FRCSW Test Line: Ensuring Quality Aircraft to the Fleet

Electrician Dana Joygrimley makes adjustments to a legacy F/A-18 flight control computer at the FRCSW Test Line. Photo by Jim Markle

Encompassing almost 1.5 million square feet at the very Western portion of Naval Air Station North Island (NASNI), the Fleet Readiness Center Southwest (FRCSW) Test Line Support Facility is the hub for test flying the aircraft the command’s artisans repair and maintain.

The sprawling compound includes an 800,000 square-foot aircraft ramp with parking for numerous aircraft, three climate-controlled storage hangars, out-buildings, seven fabric work shelters and a main support building (785).

Unless an aircraft is trucked onto NASNI, the FRCSW Test Line is the first – and last – stop during its visit to the command.

“The squadron maintenance charts and log books are some of the first things we go through upon induction of any aircraft; it’s the first step in the process before an aircraft is turned over to its product line,” said Aviation Machinist Mate Chief Petty Officer Gabriel McConico, maintenance controller of the FRCSW Test Line.

On the reverse side of that process, the Test Line and log sell procedures include final ground checks, test flights, and a review of all documentation to ensure that the work has been completed and certified.

In accordance with Navy regulations, any aircraft completing depot-level rework is required to undergo at least one Functional Check Flight (FCF) prior to delivery to the fleet to determine the quality of work and the airworthiness of the aircraft. The FCF is the final step in Test Line procedures.

Three of the four major aircraft product lines at FRCSW bring their aircraft to the Test Line: F/A-18 Hornets, E-2C Hawkeyes, C-2A Greyhounds, and H-53 Super Stallions all must be flight checked at the flight line.

The only aircraft that doesn’t pass through the Test Line is the H-60 Seahawk helicopter; though the aircraft may be stored in facilities there on a short-term basis, McConico noted.

Returning more than 40 F/A-18 Hornet fighter aircraft to the fleet during fiscal year (FY) 2017, FRCSW test flies more legacy Hornets than any other airframe.

The Test Line ‘selling’ phase begins once the aircraft is transported from Building 94 where all repairs and maintenance procedures are performed.

Once under the cognizance of the Test Line staff, it is checked, prepared, test flown, and returned to the customer.

The Hornets are also weighed when returned from maintenance because modifications or repairs can affect the aircraft’s weight. The planes are weighed again after painting (prior to delivery to the customer) to make sure they’re within an acceptable limit.

Artisans assigned to the F/A- 18 Test Line program include aircraft examiners (AE) and an examination evaluator (EE).

AEs also assess the aircraft’s functions to ensure a safe and proper flight. This includes the hydraulics, fuel system, air conditioning, engines, and cabin pressure.

“AEs are the initial ones who issue discrepancies, fix discrepancies and decide when the aircraft is ready,” McConico said.

While AEs turn the avionics on, actual system checks are performed by EEs, electricians, and electronic integrated systems mechanics.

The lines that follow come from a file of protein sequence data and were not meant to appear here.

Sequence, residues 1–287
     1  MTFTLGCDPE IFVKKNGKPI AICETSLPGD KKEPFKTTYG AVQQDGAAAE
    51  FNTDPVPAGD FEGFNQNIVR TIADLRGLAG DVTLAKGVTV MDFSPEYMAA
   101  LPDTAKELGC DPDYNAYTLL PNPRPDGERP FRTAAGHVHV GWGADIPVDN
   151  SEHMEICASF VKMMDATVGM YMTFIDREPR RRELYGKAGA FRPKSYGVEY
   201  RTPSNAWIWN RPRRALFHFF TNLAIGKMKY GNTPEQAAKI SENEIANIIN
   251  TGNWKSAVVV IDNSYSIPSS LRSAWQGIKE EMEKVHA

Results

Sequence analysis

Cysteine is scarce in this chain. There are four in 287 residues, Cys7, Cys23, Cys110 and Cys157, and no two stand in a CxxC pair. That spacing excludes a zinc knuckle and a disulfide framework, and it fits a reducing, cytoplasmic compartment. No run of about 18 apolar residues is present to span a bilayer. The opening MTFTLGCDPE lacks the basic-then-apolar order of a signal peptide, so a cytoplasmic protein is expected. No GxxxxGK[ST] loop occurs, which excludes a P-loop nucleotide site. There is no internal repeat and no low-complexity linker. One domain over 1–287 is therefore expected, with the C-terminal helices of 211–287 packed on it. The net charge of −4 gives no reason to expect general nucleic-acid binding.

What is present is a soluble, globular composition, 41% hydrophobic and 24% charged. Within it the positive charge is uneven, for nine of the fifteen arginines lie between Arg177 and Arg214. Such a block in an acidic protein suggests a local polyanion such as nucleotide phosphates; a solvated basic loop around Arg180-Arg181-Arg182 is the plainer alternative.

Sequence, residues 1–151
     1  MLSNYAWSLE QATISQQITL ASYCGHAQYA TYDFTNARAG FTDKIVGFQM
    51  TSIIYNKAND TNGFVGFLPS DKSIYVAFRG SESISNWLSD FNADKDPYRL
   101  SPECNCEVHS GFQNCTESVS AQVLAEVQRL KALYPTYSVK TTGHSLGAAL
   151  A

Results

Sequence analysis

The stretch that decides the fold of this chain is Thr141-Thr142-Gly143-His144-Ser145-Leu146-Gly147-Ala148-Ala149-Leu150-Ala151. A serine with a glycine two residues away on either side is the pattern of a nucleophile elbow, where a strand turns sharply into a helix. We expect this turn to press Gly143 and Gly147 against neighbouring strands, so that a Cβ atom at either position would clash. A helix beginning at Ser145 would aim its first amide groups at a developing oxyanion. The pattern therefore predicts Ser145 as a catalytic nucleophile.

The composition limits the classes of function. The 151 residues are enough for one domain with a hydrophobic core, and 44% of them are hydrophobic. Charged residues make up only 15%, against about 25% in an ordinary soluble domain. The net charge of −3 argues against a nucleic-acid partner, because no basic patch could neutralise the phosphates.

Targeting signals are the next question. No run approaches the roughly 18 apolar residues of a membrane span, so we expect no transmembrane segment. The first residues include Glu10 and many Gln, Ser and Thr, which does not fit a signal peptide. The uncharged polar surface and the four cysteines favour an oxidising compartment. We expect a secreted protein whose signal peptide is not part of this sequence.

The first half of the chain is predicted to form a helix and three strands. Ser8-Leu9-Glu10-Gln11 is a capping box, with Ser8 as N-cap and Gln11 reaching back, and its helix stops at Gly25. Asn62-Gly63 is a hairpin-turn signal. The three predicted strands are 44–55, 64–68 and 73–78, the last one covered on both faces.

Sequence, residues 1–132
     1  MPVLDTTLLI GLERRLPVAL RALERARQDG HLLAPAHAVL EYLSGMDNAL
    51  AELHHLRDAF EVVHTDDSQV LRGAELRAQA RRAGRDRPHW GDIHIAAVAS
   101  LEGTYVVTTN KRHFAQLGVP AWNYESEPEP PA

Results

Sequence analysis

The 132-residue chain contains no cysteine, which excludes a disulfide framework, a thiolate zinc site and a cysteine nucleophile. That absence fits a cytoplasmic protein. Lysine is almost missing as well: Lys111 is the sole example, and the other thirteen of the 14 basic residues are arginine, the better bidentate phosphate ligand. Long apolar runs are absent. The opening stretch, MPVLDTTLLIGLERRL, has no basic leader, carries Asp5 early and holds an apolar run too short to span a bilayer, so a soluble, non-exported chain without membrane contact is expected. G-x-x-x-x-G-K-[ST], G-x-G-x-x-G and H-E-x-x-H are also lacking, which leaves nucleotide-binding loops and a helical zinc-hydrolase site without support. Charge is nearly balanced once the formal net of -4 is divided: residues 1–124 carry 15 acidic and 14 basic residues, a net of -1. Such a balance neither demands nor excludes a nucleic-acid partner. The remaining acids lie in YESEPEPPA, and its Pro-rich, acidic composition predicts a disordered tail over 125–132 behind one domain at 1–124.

The F/A-18 Test Line artisans face few barriers they cannot overcome at the flight line to ensure a safe initial test flight.

“But on occasion certain issues can come up where we would have to return the aircraft to Building 94,” McConico noted. “If a new message is released that requires replacement of an inboard leading edge flap, for example, or if there’s a technical directive requiring an update, then we would send the aircraft back for things like that.”

In contrast to the volume of F/A-18 Hornets, only nine E-2C Hawkeye airborne early warning and eight C-2A Greyhound transport aircraft were inducted and returned to the fleet in FY 2017.

Artisans comprised of AEs, mechanics, electricians, and avionic artisans prepare the turbo-propeller airframes for flight at the Test Line.

During induction a series of “dynamic tests” are performed on all systems to check their condition.
Dynamic tests are those that engage the engines, hydraulics, fuel, radar, and other systems used in the flight of the aircraft.

“From the initial induction to get to the production floor is dependent on available space, and can be about three to five weeks to get to Building 460 for the aircraft’s planned maintenance interval (PMI),” McConico said.

After PMI and any repairs, the aircraft are reassembled and returned to the Test Line where another round of dynamic tests are performed to ensure they meet pre-flight inspection status.

AEs test all of the systems except the avionics, which is tested by journeyman avionic artisans.

Solely serving Marine Corps squadrons throughout the west coast including Marine Corps Air Station Miramar, the FRCSW CH-53 Super Stallion program returned 10 helicopters to the Corps during FY 2017.
During induction the main rotor blades are removed and the aircraft is de-fueled.

Afterward, the aircraft is transported to Building 378 to undergo the Integrated Maintenance Program (IMP) that includes a variety of procedures including structural repairs to the fuselage and electrical wiring upgrades.

Work exceeding IMP specifications, like replacing engines or rotor heads that have exceeded their recommended hour or life limit, is often done by the Marines themselves to save money.

AEs are assigned to the Test Line and perform startups, systems, and electrical checks.

Unlike the F/A-18 and E2/C-2 programs, FRCSW does not have CH-53 pilots on staff. Instead, pilots from prospective squadrons are notified when an aircraft is ready for test flight and delivery.